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Borough settles with Kachemak fire tech in employment discrimination suit

Kachemak Emergency Services in Fritz Creek in 2023.
Riley Board
Kachemak Emergency Services in Fritz Creek in 2023.

A former firefighter sued the Kenai Peninsula Borough last year for employment discrimination after she says she spoke out about sexual harassment in the workplace. In January, she settled out of court with the borough and says she hopes the case sends a message about women working in the emergency response field.

Courtney Moody was a fire technician at Kachemak Emergency Service Agency in Fritz Creek, east of Homer, until early 2021. A lawsuit filed in Jan. 2023 says Moody was repeatedly sexually harassed by her boss, and that she received no response after reporting it to the area chief.

According to the lawsuit, the borough eventually fired Moody’s boss after a male colleague shared a letter about his behavior toward multiple women. Shortly after, Moody was also fired. She says she never received a reason for her firing.

The borough hired Anchorage law firm Farley & Graves. The firm responded to the suit in Feb. 2023, denying many of Moody’s allegations and stating that she was a temporary employee, hired for a four-month stint that ended in early 2021.

Moody’s attorney, Aneliese Palmer with the Anchorage-based civil rights firm Northern Justice Project, disagrees with the borough’s defense. She said the timing of Moody’s termination speaks for itself.

The parties settled out of court for $78,500 and the case was dismissed on Jan. 5. Palmer said she views the decision to settle as a product of the strength of the case.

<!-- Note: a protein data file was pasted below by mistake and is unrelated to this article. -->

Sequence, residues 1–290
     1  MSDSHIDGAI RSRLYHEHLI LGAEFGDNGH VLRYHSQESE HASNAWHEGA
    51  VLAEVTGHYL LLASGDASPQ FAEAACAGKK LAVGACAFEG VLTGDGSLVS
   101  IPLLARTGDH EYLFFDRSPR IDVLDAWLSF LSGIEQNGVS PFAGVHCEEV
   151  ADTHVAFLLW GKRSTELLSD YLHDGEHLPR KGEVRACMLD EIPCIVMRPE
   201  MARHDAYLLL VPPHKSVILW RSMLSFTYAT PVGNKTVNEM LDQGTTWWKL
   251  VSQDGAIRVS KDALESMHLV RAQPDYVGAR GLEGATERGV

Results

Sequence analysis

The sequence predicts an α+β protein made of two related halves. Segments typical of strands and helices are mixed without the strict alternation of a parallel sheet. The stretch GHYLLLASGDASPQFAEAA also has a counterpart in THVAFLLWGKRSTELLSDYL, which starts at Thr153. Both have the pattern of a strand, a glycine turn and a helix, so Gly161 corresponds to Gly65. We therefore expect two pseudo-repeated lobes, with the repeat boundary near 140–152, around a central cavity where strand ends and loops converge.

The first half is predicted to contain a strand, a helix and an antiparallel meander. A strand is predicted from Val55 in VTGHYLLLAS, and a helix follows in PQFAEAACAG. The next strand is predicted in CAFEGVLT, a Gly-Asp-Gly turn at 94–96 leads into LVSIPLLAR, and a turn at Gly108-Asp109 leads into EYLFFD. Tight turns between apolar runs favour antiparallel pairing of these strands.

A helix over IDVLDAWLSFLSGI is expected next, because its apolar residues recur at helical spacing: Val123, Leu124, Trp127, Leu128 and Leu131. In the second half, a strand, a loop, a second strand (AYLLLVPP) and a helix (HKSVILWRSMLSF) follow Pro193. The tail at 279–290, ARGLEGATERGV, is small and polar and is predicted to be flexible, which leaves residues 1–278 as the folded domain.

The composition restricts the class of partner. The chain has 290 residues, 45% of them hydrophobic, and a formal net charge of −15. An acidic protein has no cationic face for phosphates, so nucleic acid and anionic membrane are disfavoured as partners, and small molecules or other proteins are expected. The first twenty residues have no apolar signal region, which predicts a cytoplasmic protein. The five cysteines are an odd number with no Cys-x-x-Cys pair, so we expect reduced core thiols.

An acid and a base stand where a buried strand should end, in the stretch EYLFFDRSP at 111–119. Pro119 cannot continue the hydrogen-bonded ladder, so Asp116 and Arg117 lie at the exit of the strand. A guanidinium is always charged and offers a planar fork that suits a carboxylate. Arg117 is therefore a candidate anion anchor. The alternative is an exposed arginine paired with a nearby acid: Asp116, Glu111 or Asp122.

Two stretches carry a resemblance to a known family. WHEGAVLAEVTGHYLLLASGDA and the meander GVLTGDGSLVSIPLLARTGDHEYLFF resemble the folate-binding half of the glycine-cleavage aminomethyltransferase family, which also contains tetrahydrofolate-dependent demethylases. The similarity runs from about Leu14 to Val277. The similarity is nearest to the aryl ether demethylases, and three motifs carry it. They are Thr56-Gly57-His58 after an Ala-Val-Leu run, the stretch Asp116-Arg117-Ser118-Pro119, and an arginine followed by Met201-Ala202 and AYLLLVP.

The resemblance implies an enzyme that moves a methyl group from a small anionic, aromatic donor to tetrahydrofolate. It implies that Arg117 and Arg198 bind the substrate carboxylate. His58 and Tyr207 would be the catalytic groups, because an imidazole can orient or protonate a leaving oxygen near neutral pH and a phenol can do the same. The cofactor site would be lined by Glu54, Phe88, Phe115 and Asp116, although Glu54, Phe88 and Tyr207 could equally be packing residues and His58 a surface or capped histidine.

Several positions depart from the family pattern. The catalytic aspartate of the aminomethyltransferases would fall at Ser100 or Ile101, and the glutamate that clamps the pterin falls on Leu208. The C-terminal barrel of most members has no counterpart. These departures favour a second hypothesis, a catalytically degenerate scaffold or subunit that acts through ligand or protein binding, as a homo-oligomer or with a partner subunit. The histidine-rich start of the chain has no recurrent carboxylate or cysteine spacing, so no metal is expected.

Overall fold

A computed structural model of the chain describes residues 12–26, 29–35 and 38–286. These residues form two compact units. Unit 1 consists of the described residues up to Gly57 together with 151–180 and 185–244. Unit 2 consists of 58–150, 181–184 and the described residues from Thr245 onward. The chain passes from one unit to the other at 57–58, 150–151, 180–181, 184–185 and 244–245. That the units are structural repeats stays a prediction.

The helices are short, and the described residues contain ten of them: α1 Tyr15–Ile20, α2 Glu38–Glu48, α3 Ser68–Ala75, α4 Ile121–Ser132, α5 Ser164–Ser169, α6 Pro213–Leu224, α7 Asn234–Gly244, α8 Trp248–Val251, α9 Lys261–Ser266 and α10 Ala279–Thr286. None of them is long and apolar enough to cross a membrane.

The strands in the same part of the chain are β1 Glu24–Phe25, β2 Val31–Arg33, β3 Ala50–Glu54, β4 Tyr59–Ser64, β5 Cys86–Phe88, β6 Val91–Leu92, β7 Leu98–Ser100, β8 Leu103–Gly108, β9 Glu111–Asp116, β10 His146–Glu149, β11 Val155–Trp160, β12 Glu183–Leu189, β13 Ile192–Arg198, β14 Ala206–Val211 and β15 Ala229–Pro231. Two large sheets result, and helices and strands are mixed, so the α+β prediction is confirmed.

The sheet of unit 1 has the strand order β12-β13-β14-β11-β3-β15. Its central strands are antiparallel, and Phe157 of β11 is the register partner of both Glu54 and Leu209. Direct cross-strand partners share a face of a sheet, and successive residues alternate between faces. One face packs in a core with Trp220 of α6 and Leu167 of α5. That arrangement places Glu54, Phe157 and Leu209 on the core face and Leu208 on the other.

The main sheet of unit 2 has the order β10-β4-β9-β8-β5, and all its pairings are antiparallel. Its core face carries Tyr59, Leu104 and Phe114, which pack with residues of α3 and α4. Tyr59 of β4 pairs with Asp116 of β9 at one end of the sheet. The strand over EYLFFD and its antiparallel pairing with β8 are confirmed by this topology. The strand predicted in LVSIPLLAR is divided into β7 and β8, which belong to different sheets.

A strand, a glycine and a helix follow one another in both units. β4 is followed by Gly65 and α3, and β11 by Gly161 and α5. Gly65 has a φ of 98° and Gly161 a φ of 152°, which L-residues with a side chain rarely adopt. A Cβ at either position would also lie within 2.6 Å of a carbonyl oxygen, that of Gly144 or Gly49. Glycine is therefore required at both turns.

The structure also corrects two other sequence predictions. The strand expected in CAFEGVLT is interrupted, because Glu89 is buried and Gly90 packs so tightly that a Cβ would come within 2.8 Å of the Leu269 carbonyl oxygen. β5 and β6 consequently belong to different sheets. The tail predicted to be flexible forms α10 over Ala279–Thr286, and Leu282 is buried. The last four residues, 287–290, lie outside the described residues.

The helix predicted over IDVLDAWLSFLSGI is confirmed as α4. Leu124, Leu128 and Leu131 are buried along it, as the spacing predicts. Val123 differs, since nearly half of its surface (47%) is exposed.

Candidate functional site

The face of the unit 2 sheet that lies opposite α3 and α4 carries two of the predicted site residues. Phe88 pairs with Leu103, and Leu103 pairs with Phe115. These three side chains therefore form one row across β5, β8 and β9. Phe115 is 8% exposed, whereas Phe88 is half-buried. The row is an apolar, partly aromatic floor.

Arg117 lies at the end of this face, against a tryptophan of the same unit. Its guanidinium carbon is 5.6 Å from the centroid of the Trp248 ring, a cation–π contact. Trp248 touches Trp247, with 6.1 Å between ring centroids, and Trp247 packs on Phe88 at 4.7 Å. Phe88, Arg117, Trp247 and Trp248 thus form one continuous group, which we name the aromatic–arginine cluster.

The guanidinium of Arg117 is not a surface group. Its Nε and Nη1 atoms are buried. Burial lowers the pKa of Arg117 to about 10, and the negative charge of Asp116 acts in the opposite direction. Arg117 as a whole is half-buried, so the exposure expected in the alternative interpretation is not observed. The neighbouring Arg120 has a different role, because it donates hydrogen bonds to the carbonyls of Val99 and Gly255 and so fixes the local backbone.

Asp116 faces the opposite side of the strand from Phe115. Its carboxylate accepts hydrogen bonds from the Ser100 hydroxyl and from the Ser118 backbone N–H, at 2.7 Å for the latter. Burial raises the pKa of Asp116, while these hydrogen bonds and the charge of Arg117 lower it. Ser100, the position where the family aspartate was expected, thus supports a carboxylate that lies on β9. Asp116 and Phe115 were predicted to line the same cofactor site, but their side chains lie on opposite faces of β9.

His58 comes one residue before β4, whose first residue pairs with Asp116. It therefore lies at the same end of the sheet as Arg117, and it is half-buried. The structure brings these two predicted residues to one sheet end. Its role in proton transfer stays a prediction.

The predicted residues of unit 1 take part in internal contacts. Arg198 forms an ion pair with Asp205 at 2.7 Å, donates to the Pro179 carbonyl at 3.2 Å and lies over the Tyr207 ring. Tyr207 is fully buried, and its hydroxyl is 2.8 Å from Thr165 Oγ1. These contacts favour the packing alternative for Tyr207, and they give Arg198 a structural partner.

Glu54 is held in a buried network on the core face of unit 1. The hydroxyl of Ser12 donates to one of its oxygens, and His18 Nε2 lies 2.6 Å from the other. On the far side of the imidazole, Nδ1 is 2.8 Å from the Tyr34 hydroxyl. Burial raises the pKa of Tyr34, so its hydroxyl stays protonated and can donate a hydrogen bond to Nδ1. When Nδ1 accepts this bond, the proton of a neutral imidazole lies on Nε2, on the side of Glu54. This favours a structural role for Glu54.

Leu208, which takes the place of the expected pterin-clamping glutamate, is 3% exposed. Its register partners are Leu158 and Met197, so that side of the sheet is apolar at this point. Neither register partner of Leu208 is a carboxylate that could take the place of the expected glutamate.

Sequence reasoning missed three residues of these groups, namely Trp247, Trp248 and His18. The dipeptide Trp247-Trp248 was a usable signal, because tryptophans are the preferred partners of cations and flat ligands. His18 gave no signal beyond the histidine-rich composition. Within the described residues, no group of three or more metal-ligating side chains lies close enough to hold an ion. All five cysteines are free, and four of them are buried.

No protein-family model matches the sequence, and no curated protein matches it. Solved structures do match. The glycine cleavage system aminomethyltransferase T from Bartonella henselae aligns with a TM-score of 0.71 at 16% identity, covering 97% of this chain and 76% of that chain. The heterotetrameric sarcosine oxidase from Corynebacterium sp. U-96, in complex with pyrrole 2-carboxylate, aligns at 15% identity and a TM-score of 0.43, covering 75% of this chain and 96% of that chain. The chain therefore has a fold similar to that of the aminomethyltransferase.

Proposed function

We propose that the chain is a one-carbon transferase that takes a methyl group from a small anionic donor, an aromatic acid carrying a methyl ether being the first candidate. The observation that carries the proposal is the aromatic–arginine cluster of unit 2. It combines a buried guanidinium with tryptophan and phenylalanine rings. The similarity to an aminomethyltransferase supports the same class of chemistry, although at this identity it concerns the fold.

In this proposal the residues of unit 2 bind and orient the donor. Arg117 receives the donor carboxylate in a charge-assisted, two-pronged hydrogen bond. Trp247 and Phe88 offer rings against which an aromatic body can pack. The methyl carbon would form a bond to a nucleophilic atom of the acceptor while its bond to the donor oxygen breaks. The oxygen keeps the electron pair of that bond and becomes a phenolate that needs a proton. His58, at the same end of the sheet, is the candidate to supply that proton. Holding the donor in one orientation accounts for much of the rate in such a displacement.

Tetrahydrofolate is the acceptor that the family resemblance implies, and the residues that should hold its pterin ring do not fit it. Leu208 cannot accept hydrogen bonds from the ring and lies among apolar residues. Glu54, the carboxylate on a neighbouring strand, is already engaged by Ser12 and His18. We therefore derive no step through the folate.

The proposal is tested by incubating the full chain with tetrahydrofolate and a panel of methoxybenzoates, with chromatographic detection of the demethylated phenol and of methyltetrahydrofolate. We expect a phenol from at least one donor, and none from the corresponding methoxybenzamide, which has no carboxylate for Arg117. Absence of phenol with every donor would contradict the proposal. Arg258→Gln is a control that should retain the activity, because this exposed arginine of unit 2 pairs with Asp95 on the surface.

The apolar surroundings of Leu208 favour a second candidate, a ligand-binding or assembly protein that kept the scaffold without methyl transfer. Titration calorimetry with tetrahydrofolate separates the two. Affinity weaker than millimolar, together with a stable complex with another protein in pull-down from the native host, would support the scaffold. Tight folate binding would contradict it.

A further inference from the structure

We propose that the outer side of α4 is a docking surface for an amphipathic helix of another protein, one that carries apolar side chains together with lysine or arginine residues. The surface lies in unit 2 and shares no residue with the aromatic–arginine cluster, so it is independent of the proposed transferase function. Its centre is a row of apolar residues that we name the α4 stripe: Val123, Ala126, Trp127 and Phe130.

Sean Kelley, the borough attorney, said in an email that settling is not an admission to any claims in the case. He said the borough determined a no-fault resolution was in the best interest of all parties, and that avoiding a trial was the best financial choice for the borough.

“It is a long, expensive process to take cases to trial and in this particular situation a cost-benefit analysis favored an out-of-court resolution when compared to projected outlays for attorney fees, expert fees, and costs of drawn-out litigation,” Kelley said.

He said he hopes the settlement gives Moody closure.

She said it does, and sees the settlement as a victory. She also hopes it brings attention to issues with workplace culture within the fire and emergency response fields.

“This was never about the money, it was always about the principle,” Moody said. “I never did anything wrong. All I did was say ‘no,’ and I was punished for that.”

Moody said the culture of sexism and harassment in emergency response careers is prevalent, and compounds the built-in difficulties of the job.

“You expect to see horrible things on this path — blood, death, sorrow, etc. — but you don’t expect your partners to betray you in such a primal sense,” she said. “As we challenge disaster as medics and firefighters, we should be able to trust the people that walk beside us, not fear them.”

Moody says since working at Kachemak Emergency Services, she’s had more positive experiences when dealing with harassment situations at other workplaces.

Riley Board is a Report For America participant and senior reporter at KDLL covering rural communities on the central Kenai Peninsula.
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